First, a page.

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  #1  
Old 30 Apr 2002
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Ural

Anyone have any feelings or experience with Urals? Specifically the '2 wheel drive' sidecar outfits?

Kurt
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  #2  
Old 30 Apr 2002
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Did you see the story of Mullie© and Nobilé, Netherlands, Cape Town to Netherlands. In last years ezines.

Urals have their virtues, but they escape me personally...

Agricultural, circa 1940...

Yes I have had personal experience, albeit limited. No thanks. For ME. YOU may have a blast.

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Old 1 May 2002
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Granted, they aren't the cat's meow as technology goes, but that is one of their plusses as far as I'm concerned. I get a little worried with some of the newer technology: EFI, computer controllers, ABS, power brakes, etc. Can't get that technician to fit in my saddlebags and he eats like a pig.

Kurt
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Old 1 May 2002
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True, but with a Ural you need the sidecar to carry the ordinary spare parts, like pistons, valves, heads, coils, crankshafts...

Mullie replaced a valve at the side of the road... a piston somewhere else I think...

Simple is one thing, crude workmanship and bronze age metal technology is another I'm not prepared to put up with. OTOH, they are improving significantly, the manufacturer is trying hard. See the Aussie distributors site.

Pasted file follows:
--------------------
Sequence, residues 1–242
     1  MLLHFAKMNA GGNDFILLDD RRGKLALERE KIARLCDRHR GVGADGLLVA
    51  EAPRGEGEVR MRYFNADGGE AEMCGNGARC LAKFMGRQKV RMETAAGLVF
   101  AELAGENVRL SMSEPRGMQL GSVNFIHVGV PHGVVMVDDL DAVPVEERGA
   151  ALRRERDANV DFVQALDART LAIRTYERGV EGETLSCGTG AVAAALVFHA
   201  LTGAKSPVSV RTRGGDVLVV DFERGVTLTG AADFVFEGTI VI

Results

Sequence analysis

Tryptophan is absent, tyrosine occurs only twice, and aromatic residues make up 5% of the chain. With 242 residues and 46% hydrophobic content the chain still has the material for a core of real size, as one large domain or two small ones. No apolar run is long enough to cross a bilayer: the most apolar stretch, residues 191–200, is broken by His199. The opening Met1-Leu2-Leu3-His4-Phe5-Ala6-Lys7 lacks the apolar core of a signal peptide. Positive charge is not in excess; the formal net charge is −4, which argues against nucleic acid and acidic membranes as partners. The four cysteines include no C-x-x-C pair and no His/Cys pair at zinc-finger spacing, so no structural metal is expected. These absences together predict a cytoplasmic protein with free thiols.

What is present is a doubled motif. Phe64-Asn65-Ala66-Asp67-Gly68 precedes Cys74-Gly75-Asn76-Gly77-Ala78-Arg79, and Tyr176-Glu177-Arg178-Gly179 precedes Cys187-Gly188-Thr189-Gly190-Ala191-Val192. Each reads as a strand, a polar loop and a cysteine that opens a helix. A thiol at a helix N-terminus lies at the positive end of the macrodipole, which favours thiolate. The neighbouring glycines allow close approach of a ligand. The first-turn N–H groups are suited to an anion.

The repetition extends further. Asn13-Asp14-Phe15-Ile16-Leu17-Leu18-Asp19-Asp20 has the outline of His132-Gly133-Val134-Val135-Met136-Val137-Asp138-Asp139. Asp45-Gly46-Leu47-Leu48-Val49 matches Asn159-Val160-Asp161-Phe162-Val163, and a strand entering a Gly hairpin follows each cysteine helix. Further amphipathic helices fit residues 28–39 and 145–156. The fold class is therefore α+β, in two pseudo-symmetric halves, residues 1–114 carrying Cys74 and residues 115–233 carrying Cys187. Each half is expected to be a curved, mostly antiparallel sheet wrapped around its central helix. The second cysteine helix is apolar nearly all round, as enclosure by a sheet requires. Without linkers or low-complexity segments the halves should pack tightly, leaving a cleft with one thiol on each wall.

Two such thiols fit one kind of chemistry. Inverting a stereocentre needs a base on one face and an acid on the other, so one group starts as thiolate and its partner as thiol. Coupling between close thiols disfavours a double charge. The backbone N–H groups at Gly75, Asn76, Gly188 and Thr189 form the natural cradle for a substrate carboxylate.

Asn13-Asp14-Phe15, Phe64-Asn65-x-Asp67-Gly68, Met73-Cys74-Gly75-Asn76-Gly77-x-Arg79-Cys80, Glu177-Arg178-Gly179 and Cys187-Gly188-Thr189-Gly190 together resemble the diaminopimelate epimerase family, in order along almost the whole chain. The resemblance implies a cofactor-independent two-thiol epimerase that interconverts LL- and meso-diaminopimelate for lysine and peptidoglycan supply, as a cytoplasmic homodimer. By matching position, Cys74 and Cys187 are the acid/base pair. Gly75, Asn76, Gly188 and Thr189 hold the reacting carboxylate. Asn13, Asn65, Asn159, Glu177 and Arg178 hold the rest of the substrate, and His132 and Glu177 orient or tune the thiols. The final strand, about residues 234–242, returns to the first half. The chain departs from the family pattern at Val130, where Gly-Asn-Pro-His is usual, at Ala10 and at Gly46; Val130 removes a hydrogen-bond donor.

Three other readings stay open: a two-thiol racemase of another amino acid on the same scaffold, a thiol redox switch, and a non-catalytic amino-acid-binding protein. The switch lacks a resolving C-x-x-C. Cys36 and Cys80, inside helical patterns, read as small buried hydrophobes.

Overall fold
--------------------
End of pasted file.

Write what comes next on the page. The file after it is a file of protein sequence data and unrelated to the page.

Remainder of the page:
A fair number of people ride them and love them. Many hate them and would never touch them again. You pays your money you takes your chances.

I LIKE electronic ignition and wouldn't consider going back for a regular riding bike. EFI - if it's as reliable as EI then it's fine by me - and so far it seems to be. Yes it will strand you if it quits, but it's simple to fix - phone/email your friendly dealer and DHL the new part to almost anywhere in the world in a matter of days.

Remember that there are other parts that can and will fail too, requiring the same DHL fix. See the Ratays shock story, or their oil in the airbox story, or Chris Brights shock story, or Dag Jenssens broken crankcase story or any of a hundred others, all require shipping bits. So it's not just the new tech that can stop you, it's the stuff we should have down pat by now, like shocks.

Pick a bike that you LIKE, don't sweat the small stuff and have fun. If anything breaks, deal with it.

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  #5  
Old 2 May 2002
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I'm told they're using 750 engines in all the new bikes which are supposed to have some more reiable parts: Pistons, valves, etc. Time will tell I guess.

Kurt
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  #6  
Old 15 May 2002
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hi
now in novosibirsk, russia
already some 5000 kms in russia
soon in mongolia
great, very friendly and helpful people with my bmw